Referring to FIG. 1, an environmental test system is shown generally at 10 and includes a main environmental chamber housing or oven 11, a driver/receiver loading chamber housing 12, and a console assembly 13 on which a control computer 14 is supported. The control computer 14 has the necessary programs for controlling the driver/receiver boards mounted in the loading chamber housing 12, to provide for the tests to be conducted on circuit packaging which can be analog or digital, but which will be primarily digital devices, such as VLSI chips, connected on burn-in boards in the environmental chamber housing 11. The environmental chamber housing 11 in front view, shows a loading door 17, with suitable environmental temperature controls 15 thereon, along with desired indicators. The environmental chamber housing has an interior chamber that can be temperature and humidity controlled. A power supply rack 16 is used for supporting the environmental chamber housing 11. This compact arrangement can be driven with a personal computer such as that shown at 14 to control and program the signals to the circuit packages on the various burn-in boards. As will be seen, a plurality of burn-in boards can be placed in an interior environmental chamber in housing 11.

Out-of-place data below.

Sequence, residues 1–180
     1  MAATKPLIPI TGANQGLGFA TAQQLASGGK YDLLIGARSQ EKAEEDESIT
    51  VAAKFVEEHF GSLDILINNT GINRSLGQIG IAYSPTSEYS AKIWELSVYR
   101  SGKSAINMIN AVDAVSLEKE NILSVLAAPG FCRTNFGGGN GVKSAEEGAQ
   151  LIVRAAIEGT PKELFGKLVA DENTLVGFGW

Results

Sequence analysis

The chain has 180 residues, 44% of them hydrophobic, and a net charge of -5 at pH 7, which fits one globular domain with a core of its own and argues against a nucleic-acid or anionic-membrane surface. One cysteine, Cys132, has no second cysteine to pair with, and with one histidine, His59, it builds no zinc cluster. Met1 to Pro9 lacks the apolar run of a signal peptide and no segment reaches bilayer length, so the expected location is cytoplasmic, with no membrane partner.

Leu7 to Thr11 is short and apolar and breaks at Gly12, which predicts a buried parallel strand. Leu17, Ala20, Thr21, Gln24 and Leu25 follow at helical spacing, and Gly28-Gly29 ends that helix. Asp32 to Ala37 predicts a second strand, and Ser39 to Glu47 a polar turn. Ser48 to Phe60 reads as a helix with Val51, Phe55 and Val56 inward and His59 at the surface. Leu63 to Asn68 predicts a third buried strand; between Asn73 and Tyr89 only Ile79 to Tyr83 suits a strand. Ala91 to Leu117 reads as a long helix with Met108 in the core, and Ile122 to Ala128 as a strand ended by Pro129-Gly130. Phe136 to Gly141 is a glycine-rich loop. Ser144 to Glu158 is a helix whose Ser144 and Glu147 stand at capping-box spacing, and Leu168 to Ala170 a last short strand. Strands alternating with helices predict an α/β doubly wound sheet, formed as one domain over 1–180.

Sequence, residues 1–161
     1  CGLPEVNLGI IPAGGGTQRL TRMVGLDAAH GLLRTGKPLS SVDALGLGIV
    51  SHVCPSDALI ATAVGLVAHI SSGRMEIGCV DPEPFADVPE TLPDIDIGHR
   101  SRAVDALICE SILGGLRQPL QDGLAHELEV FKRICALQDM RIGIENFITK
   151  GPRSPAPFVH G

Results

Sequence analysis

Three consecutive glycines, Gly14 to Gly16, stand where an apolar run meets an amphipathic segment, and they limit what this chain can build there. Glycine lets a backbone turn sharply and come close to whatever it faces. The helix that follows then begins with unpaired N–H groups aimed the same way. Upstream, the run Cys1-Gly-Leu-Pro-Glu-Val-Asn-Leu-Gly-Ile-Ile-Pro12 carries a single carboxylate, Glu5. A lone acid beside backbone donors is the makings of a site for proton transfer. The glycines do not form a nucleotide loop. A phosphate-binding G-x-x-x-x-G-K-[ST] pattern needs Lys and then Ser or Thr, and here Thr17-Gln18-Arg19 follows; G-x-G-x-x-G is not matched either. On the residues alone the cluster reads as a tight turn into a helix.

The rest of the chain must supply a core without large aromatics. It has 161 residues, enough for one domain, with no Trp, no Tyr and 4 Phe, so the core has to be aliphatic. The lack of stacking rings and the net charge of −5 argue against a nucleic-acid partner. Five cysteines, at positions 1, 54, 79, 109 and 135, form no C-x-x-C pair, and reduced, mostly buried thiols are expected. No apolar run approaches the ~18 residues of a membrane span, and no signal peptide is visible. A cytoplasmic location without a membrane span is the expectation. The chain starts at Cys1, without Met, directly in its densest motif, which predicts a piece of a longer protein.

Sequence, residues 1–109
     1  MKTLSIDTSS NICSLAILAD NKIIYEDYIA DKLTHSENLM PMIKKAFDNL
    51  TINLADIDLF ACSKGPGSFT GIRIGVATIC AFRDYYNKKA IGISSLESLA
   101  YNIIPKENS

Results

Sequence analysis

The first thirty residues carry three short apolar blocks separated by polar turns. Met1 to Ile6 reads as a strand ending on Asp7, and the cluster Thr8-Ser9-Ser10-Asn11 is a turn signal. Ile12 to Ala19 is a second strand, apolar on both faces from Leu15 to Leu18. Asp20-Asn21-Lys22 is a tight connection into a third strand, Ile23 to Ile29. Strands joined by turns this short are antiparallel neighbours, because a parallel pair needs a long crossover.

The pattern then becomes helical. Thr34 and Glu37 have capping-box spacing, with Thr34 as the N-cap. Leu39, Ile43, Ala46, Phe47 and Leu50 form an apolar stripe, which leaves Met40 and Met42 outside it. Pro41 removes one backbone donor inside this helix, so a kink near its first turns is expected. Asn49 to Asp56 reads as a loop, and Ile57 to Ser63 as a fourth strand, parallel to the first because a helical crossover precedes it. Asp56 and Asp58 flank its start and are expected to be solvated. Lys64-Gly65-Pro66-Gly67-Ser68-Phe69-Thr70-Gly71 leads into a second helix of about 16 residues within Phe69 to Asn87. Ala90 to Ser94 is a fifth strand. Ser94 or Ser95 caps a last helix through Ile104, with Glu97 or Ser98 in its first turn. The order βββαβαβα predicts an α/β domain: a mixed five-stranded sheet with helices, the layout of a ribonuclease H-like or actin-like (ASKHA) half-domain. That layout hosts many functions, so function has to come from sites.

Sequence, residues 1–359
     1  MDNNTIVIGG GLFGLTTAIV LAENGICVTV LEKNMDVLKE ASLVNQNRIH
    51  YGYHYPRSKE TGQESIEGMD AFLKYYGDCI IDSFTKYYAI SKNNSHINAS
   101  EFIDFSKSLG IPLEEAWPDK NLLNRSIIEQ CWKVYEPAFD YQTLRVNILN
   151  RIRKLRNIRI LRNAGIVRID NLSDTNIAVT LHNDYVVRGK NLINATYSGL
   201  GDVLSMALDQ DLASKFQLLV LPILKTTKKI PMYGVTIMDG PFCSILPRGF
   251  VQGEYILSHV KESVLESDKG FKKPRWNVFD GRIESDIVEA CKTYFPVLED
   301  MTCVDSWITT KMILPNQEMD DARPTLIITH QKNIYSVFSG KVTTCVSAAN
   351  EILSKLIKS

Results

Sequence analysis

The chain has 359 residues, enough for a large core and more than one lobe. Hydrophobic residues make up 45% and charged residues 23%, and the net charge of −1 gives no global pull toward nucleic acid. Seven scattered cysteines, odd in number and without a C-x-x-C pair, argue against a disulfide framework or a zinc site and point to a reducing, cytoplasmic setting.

For orientation purposes, the conventional burn-in board chamber and loading chamber of the system 10 is shown in FIG. 3, with the exterior walls broken away to show the interior cages for supporting the boards. As can be seen, the environmental chamber housing 11 defines an interior heated environmental chamber 20, surrounded by side walls 21 arranged in a desired manner. At the end of the interior chamber 20 opposite from the loading door 17 a housing 22 is positioned. Housing 22, as shown, forms a temperate zone or chamber 23 that separates the burn-in board interior environmental chamber 20 from the driver/receiver board chamber 24 of the load chamber housing 12. The schematic showing includes a burn-in board rack indicated generally at 25 (also called a card cage), which is within the interior environmental chamber 20 of the environmental chamber housing 11. The rack 25 has a bottom wall 26 and suitable guide members shown at 27 therein for receiving the edges of burn-in boards, or, if desired, for receiving separate loading racks holding several burn-in boards. The rack 25 has side walls 28,28 that mount suitable components such as that shown at 29 for supporting the burn-in boards in the proper orientation.